Well, I have officially begun my teaching career. I am no longer working with 7 year olds. I am now working with 6, 7, and 8 year olds. Instead of subbing, I’ve landed a full time job as a teacher’s aide… Three teachers, actually k-2 in ESL, and boy are they different! Each grade at a different level and each teacher with a totally different style. But just watching them blows my mind. They are all so good. Only been two days, but I’m loving it.
The pros of the job are simple: I now get paid for helping with activities I may have been helping with already. But I’m also probably working more with the students than I had before, which is useful for my degree. It’s also the best paying job I’ve ever held, and though that’s not at all my reason for doing it, it’s kind of like an extra bonus–I now can complete my schoolwork (namely, my practicum) AND pay for it. WOO!
After my second day, I don’t even have to worry about logging planning time. That is, my practicum requires me to (1) teach at least x number of hours, (2) plan at least x number of hours and (3) design x number of lessons to complete during teaching time and reflect on, etc. etc. As an aide, I’m often not so much planning or designing lessons as I am assisting other teachers with their own, and using class activities to formatively assess as I go. But one of the teachers has me working one on one with a couple of the students, and for that I’ll be coming up with some of my own lessons. It’s neither free reign or throwing me off a cliff, but it’s going to require both planning and collaborating. Oh yeah, and the best part of all? After day two, I am also not totally terrified. I feel both excited and confident about the coming year. Enough so that I will woo again. WOO!
And already, I’m beginning to think about my decisions as a teacher. In the classroom and on the playground, I hear myself talking to students the way I remember teachers talking to me when I was a kid. “I don’t want you climbing up the slide because you might get hurt,” “Will you please sit down?” “Will you read this for me?” And half the time, I can’t get my friend Nita’s voice out of my head.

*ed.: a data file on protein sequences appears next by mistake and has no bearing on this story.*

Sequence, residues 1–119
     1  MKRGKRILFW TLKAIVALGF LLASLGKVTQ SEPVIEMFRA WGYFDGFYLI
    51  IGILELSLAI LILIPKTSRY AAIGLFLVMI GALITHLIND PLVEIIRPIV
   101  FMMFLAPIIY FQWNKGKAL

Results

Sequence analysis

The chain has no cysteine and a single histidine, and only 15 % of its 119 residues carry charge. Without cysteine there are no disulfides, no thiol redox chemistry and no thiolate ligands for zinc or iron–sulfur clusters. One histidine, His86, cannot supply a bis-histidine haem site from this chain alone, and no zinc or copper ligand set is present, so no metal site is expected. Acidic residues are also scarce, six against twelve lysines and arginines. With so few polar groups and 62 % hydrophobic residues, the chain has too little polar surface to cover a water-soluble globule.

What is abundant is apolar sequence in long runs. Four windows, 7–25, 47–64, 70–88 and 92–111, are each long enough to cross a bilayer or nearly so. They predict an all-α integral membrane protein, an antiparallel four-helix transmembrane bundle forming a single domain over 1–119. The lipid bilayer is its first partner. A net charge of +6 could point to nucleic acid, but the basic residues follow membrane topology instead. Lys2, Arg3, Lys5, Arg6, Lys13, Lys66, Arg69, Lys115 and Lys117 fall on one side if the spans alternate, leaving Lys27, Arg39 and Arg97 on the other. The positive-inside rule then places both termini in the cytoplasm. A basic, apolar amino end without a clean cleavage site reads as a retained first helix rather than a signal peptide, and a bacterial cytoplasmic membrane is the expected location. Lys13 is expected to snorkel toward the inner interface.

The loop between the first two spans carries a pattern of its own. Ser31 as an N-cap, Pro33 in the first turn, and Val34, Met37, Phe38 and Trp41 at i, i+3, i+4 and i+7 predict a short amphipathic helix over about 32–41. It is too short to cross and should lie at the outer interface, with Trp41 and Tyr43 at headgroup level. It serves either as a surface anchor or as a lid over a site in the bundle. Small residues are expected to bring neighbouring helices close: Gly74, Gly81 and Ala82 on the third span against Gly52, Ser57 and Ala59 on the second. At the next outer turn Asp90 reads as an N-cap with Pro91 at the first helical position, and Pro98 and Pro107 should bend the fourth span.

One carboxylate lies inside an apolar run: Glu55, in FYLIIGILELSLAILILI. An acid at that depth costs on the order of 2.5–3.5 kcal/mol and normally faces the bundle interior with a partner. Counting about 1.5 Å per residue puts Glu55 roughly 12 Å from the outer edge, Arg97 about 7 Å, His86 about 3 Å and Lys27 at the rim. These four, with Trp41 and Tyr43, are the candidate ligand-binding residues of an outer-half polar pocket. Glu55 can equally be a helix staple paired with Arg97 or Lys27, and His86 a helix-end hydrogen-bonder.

Nita a youth rights activist, and she brings up things I don’t always know if I agree with, but I likewise don’t always know if I disagree with them, so she gets me thinking. And the last thing I heard her talking about was giving children commands while phrasing them as choices. It’s downright condescending. Now, I haven’t talked to Nita about this particular situation, so I don’t know what she would say, but the basics boil down to adults don’t like commands “disguised” as choices, why should kids? (Think about the golden rule here.) Nevertheless, there are some things I can’t really give students choices on.
For instance, if I am working with five students on a reading passage, having each student reading one paragraph at a time, I can’t exactly give students the choice to follow along or not. First of all, if they do not follow along, they do not know when their turn to read is, nor which part they are asked to read. And it’s rude to make me have to point them to the line every time. (Is this akin to having to tell someone a restaurant is closed despite the sign hanging two inches in front of the customer’s face or is this just the teacher talking?) More importantly, rather than just not pay attention (zone out, get ahead, draw, or some quiet activity), students frequently talk to each other, drum on the table, play with anything on the table within reach and generally distract the person who is trying to read. Which not only is rude to the other student (who may be trying to sound out words he or she does not know) but slows down the whole process.
Truth be told, during activities which are less group-oriented (for instance a worksheet that we go over as a group, with each student marking his/her own answers), I am not really bothered by students who do not pay attention to what the group is doing, given that they do so in a non-distracting manner. Some students need more help than others and some prefer to work by themselves. I have even told students if they prefer to complete the task by themselves, they are welcome to, and I will go over the answers with them when they are done.
Which means maybe I have been thinking about this all wrong. Maybe I don’t have disruptive kids so much as kids who work better individually. Some of the students clearly need more assistance from the teacher, and those who do not may be getting bored. And some students show a preference to working in groups while others do not. So the real question isn’t so much what do I say to get them to behave as (1) How can I engage individual learners in some group work, but allow them to work individually also, and (2) How can I engage higher level students (or any students for that matter) while working with others? Some of the activities aren’t really built well for these, like round robin reading. (Although, part of the point of the activity to assess reading levels and re-group the students based on this assessment, which should help higher level students from getting bored while lower level students take their time as well as make lower level students less self conscious.)
In the meantime, it might also help if I can get students to understand both that if they talk while another classmate is reading, they are being mean to that classmate AND that if they distract that other student the process will take longer and they be spending more time with nothing to do. And in the meantime, there are kids climbing up the slide and climbing out of their chairs, so I wonder, how can I ask them to follow playground or classroom rules without sounding condescending?
How do you organize activities to keep all students engaged?
What strategies do you use for asking students to remember and follow rules?